According to the results, the median age was 56 years with 54% being men. Thirty-six of the cases (26.1%) were transferred to the Intensive Care Unit due to the development of organ dysfunction. Forty-six.six percent (64 patients) had one or more co-existing medical conditions: hypertension, cardiovascular disease, diabetes, and malignancy. They were also significantly older, (66 years median age.)

The most common symptoms were fever, fatigue, dry cough, myalgia (muscle pain), and dyspnea (labored breathing.) Less common symptoms were headache, dizziness, abdominal pain, diarrhea, nausea, and vomiting.

As of February 3, 2020, the study reported six deaths (4.3%), 85 patients (61.%) remain hospitalized, and 47 patients (34%) were discharged from the hospital after ten days of admission.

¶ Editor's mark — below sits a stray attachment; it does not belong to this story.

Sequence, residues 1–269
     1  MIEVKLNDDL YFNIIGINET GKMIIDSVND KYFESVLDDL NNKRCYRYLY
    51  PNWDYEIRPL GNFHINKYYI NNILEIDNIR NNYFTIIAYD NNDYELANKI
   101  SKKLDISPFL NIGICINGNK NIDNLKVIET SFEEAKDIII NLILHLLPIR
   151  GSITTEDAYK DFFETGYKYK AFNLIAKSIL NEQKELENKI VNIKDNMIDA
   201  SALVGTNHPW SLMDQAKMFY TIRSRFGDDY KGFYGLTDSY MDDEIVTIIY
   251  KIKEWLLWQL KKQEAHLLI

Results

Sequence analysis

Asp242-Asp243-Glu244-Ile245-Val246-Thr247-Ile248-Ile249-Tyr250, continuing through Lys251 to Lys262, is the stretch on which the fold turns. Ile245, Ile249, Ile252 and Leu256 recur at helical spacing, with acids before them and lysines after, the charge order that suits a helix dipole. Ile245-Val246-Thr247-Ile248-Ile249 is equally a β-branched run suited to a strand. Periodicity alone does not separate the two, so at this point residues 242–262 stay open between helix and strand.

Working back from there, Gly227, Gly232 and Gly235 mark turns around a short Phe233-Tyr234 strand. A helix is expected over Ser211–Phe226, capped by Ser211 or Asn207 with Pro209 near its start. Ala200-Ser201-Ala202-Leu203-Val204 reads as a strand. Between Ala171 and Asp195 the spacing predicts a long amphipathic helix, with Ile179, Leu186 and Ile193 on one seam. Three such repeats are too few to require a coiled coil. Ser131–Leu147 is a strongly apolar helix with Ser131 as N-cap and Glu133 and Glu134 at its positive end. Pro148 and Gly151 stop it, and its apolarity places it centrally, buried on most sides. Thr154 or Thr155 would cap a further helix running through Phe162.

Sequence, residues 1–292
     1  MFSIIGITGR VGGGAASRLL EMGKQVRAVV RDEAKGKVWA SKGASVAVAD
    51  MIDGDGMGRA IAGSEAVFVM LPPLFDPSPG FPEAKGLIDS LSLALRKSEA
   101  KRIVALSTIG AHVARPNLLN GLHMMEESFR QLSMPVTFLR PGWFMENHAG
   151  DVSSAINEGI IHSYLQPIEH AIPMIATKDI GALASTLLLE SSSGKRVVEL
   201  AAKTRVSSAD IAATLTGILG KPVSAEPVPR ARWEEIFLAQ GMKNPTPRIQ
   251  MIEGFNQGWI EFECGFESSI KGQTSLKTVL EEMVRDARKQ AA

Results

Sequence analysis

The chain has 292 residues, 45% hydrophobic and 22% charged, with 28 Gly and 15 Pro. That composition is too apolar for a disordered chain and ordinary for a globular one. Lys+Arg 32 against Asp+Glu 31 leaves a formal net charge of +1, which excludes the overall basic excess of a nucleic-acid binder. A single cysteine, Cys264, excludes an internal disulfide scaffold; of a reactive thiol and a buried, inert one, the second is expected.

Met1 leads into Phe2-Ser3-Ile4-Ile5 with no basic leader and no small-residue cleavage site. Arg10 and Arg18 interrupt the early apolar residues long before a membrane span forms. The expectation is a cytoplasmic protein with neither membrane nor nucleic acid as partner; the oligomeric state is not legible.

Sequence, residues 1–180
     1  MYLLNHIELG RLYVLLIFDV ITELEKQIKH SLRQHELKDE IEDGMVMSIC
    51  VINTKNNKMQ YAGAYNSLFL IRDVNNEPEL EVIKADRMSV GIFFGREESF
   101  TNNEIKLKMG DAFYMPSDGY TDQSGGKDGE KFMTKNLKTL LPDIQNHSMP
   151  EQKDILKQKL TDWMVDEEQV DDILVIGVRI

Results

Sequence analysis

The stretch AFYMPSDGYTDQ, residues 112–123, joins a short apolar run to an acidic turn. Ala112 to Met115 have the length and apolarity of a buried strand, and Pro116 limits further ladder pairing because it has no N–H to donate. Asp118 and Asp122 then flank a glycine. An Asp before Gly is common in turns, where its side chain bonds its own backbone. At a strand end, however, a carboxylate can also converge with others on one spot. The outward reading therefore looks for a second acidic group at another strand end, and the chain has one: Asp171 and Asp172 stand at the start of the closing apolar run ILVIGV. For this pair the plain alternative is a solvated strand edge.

Nonetheless, there was one variable in the study that raises a red flag: the rapid person-to-person transmission rate of the COVID-19. Its basic reproductive number is estimated at 2.2, meaning that each infected person has already infected more than two people during the onset of the disease.

This explains the 41% of the 138 patients of the study who were infected inside the Zhongnan Hospital of Wuhan University, including people who were patients and employees.

Based on the latest information from the CDC, the United States has 15 confirmed cases of COVID-19. Of those, 13 had travel history to China, and 2 are possible confirmed transmission outside of China.